”A momentary look of surprise crossed his face as he pondered on what I’d said. “What is that destruction shit about man? I just don’t get it. The point of a piano is to be played and played well. Played by someone who understands what a piano is about. I once saw a pianist slowly, respectfully and carefully dismantling a piano at a concert. As each piece was removed he would tap it or pluck it. Each section had a very distinct sound, a note, resonance. This was a deconstruction, but I understood that because it was an exploration of the instruments capability, not an act of wanton destruction. That piano was still singing. That particular act of dismantling was a musical chart”. Jonathan Crayford 072

Smashing pianos for political ends is definitely not Crayford’s thing.

During the afternoon we traversed everything from Pythagoras to planetary formation. The relationship between harmonic intervals and physical objects was especially fascinating to him, as was higher mathematics. “I will compose a piece based upon prime numbers one day”, he said. He also talked of constructing a new ‘mode’ map. His love for stories about quirky historical characters and for mathematics came together in his latest album ‘Dark Light’. ‘Galois Candle’ tells of a hapless mathematical genius and his struggle for recognition. The poignancy of the tale is reflected in every note. I have heard this played in a trio setting and solo. It is sublime either way.

Crayford’s ‘Dark Light’ album was a finalist in the New Zealand 2015 Vodafone music awards. The album is simply stunning and it deserves to be heard more. Crayford feels that the album has legs and he hopes that it has a way to run yet. These days it is not the quality of the music, but distribution and exposure problems that hold an album back. This album certainly deserves wider recognition.Jonathan Crayford 071On April 15th Crayford returned to the CJC (Creative Jazz Club), but this time without bass or drums. The gig was billed as ‘solo piano’ with special guest. Roger Manins joining him for the final numbers of the second set. This was a first for the CJC as the club has never hosted a solo piano gig before. Interestingly a slightly higher entry fee was placed on the door, but far from deterring people it signalled that something special was to occur. You could have heard a pin drop during the performance. This audience really listened and they were amply rewarded for their attentiveness. This highlights the growing sophistication of CJC audiences and above all it demonstrates the deep respect that we have for Crayford as a performer.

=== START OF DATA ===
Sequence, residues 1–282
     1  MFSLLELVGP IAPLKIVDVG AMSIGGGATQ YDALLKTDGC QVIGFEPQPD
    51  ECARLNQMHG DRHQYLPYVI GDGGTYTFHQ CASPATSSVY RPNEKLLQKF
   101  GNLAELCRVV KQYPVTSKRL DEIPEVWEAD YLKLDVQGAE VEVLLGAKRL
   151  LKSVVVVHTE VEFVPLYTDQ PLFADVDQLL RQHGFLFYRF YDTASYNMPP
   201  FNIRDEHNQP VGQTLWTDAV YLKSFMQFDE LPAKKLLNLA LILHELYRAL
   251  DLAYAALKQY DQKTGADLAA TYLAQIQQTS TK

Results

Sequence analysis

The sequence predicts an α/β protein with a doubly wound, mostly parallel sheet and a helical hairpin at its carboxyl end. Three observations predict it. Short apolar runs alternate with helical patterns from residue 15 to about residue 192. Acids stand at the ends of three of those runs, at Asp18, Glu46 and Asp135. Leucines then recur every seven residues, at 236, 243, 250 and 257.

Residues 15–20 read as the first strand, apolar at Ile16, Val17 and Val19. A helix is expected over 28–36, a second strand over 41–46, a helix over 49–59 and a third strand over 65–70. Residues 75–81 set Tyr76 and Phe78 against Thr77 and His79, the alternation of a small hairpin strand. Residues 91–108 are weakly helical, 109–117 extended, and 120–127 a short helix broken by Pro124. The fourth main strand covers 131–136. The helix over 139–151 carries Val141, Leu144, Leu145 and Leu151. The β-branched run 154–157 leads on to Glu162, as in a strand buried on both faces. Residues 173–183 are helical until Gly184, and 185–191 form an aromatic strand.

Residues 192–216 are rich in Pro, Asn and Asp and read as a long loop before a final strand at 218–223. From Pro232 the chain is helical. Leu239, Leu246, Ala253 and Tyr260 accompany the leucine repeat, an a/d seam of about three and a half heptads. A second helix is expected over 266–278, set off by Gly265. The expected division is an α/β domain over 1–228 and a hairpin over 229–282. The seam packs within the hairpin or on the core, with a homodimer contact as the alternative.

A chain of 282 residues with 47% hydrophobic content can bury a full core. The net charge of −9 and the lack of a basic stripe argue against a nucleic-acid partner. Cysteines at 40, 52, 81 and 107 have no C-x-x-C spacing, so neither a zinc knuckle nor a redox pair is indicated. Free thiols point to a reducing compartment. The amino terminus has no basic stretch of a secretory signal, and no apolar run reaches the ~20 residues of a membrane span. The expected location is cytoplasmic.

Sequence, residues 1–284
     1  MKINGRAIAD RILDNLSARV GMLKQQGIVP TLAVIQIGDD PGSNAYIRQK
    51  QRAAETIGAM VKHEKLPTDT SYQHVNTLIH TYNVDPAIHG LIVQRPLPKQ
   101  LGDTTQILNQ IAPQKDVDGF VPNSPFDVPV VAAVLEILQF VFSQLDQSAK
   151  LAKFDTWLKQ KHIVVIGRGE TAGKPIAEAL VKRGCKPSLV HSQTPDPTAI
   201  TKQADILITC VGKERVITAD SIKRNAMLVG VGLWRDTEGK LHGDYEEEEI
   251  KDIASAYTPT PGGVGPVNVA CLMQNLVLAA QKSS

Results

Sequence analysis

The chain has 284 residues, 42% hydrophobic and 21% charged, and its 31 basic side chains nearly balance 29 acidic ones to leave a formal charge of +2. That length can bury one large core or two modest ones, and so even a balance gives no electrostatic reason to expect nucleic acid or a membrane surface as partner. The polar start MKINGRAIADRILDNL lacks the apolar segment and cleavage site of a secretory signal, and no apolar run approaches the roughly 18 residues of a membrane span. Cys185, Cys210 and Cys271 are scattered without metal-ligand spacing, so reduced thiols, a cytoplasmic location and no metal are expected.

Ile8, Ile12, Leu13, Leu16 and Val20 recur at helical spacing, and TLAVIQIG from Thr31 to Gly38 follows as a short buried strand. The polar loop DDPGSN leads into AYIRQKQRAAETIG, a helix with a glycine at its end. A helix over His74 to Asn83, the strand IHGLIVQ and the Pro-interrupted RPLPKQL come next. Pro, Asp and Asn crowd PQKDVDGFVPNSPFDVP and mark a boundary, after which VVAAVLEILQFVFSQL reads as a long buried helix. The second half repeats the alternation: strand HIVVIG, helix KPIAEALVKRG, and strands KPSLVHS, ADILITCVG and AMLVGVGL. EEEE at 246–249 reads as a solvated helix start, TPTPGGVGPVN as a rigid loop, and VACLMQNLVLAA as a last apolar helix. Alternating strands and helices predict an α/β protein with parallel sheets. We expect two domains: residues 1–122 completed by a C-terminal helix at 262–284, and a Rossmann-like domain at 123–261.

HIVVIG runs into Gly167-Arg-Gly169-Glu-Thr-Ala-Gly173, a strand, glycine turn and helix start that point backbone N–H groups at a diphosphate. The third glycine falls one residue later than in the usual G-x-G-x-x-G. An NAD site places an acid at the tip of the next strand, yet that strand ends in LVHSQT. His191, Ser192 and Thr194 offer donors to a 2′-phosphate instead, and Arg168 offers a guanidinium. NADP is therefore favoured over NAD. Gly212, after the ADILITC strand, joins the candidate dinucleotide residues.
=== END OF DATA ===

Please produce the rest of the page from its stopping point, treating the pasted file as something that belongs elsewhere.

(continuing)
I have seen Crayford perform many times and his approach to performance is to step free of ego. He described it to me as ‘diving into the sound’. Crayford treats performance like a Zen monk treats a ‘Koan’. His musical puzzles are not solved by wrestling with them, but by absorption, by letting go. Living in a musical moment devoid of superficial baggage. While a modernist in his approach, he also touches upon something timeless. Perhaps Crayford is best described as a cosmic troubadour?